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I have read somewhere there is a site that shows how to repair the electric clock in Mercedes Benz cars. My clock stopped about a week ago and I am constantly looking at it for the time. I set it at 5:00pm so I am always off work. Could anyone help? Thanks WTB
 

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If it stopped working suddenly, the contact may have become loose.

Usually the two condensers on the plate fail, but then the clock will only stop at certain temperatures or will start working if you shake it a bit. After a while it will not longer work at all.

You'll need 2 Elkos 100uF 16V 105°C (25V or 50V is OK).

Here are some pics, only the text is deutsch:

http://www.ikonengold.de/bilderkiste/Rory/workshop_DZM-Uhr.htm

Cheers

Martin
 

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This is the last thing I need to fix on my car, it never worked since the day I got it so I used my trusty wristwatch for now. I kinda miss just looking down and checking what time it is, rather than lift my hand only to find out my sleeve was covering it, etc.
 

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Thanks for all the help, I'll try pulling up that site and see if I understand it. Yeah I know there are alot more important things I need to fix on my car also but i got use to looking at that clock for the correct time. It just all of a sudden stopped. I guess its 5:00 o'clock somewhere. Take care WTB:thumbsup:
 

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This is the last thing I need to fix on my car, it never worked since the day I got it so I used my trusty wristwatch for now. I kinda miss just looking down and checking what time it is, rather than lift my hand only to find out my sleeve was covering it, etc.
Patrick! Shame on you! I thought you were so meticulous on your cars....I think its cool to have "even the clock working" on a 28 year old car. I don't have a tach, so the clock is the entire guage.

Here's a couple of sites that repair and update them:

Clock Repairs — Overseas Speedometer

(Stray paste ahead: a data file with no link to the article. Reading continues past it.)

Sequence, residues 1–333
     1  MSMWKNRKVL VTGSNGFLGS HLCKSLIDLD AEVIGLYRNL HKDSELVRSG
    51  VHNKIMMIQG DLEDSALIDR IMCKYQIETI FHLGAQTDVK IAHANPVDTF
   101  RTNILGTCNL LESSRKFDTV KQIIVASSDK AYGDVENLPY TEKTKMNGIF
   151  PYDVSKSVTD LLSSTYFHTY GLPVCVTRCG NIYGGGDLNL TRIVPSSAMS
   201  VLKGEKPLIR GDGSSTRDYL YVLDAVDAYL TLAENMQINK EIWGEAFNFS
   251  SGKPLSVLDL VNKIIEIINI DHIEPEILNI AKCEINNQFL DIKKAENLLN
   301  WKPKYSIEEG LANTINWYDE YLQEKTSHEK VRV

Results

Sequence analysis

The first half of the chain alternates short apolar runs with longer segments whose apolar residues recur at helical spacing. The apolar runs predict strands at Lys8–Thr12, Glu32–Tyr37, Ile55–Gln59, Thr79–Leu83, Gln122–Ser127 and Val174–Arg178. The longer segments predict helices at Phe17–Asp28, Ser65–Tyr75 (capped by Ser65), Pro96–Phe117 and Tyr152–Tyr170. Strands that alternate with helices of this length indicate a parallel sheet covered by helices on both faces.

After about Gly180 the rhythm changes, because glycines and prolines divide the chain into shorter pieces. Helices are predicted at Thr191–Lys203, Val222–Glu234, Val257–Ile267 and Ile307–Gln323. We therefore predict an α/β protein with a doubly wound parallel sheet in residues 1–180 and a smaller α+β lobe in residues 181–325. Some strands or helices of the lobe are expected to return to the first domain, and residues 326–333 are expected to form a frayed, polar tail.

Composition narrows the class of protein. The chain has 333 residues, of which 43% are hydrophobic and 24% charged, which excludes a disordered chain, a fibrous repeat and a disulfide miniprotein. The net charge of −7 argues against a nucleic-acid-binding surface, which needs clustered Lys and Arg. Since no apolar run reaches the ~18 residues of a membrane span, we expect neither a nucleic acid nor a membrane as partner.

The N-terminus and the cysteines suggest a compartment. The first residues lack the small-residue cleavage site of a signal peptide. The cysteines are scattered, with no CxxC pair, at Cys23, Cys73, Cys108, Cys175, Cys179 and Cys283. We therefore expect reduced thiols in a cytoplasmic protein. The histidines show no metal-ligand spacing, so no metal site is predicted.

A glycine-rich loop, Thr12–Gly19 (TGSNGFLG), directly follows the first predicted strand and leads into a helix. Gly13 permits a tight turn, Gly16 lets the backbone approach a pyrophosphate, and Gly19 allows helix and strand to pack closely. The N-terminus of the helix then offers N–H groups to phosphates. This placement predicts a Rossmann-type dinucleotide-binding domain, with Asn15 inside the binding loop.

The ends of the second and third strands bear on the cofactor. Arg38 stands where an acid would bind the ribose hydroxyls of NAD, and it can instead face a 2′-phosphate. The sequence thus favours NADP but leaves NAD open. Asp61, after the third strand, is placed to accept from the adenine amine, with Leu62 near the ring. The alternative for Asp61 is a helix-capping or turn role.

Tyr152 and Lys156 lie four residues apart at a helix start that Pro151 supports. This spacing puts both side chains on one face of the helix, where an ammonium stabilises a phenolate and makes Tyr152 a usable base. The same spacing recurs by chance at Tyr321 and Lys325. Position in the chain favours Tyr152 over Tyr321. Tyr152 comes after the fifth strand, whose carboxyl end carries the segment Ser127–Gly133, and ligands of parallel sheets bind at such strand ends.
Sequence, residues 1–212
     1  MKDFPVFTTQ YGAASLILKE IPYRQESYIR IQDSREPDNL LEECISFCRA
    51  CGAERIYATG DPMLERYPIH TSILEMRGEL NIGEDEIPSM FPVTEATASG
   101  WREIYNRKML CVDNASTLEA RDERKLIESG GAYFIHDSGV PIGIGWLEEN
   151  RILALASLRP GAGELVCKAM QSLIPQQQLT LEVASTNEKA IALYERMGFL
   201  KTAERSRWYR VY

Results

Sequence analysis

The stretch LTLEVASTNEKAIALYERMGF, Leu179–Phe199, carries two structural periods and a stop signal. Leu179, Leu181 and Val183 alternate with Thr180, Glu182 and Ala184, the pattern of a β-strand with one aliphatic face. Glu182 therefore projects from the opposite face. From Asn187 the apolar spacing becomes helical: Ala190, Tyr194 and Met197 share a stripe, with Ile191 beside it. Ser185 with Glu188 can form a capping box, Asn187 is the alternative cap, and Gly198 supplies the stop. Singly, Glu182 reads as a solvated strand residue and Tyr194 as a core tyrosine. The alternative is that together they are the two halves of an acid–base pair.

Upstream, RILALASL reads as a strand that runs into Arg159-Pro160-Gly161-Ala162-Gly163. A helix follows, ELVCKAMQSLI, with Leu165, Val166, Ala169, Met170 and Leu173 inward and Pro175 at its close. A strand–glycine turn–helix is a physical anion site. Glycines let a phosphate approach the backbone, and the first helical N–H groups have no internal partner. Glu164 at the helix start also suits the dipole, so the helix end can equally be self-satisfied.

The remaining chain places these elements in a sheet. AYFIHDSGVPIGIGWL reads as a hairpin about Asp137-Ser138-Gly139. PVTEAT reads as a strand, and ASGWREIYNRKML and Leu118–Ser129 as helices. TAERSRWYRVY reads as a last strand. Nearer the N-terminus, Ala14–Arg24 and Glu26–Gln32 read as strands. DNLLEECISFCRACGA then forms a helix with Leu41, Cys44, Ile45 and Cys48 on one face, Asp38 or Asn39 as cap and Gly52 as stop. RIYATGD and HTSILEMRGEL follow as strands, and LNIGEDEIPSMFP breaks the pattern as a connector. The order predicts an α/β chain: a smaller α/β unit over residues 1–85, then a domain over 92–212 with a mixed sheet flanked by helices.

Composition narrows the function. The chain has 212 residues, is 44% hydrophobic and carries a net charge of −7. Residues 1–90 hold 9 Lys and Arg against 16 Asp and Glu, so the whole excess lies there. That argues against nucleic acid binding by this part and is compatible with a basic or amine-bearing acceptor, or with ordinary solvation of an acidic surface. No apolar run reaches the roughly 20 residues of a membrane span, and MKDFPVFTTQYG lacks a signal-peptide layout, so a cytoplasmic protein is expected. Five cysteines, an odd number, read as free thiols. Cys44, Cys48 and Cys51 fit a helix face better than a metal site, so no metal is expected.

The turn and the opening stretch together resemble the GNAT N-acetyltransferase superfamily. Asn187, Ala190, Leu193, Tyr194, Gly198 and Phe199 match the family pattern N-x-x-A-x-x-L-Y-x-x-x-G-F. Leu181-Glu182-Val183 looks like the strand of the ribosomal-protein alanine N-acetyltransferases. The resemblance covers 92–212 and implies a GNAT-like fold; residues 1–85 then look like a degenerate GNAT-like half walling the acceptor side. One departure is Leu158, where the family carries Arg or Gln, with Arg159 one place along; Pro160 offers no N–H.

Lauderdale Speedometer - speedometers, gauges, clocks, tachometers, repairs, sales, vdo, stewart warner, faria, hewitt, wema, dynalco, ss white
 

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Patrick! Shame on you! I thought you were so meticulous on your cars....I think its cool to have "even the clock working" on a 28 year old car. I don't have a tach, so the clock is the entire guage.

Here's a couple of sites that repair and update them:

Clock Repairs — Overseas Speedometer

Lauderdale Speedometer - speedometers, gauges, clocks, tachometers, repairs, sales, vdo, stewart warner, faria, hewitt, wema, dynalco, ss white
Thanks Ron! I know, I've never fixed that since I got the car. :eek: Thanks for the links! :thumbsup:
 

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I have read somewhere there is a site that shows how to repair the electric clock in Mercedes Benz cars. My clock stopped about a week ago and I am constantly looking at it for the time. I set it at 5:00pm so I am always off work. Could anyone help? Thanks WTB
The clock is quite easy to repair. There are two 100 uf condensers on the circuit board side by side positive terminal facing the out side edge of the circuit board. Replace them with 100uf 32volt or even 100 uf 50 volts condensers form radio shack. The clock has to be removed from the tachometer. Hands pull straight off tachometer and clock. remove little screws that hold face plate on. You need to unsolder the ground connection at the back of the clock panel to remove the clock circuit board.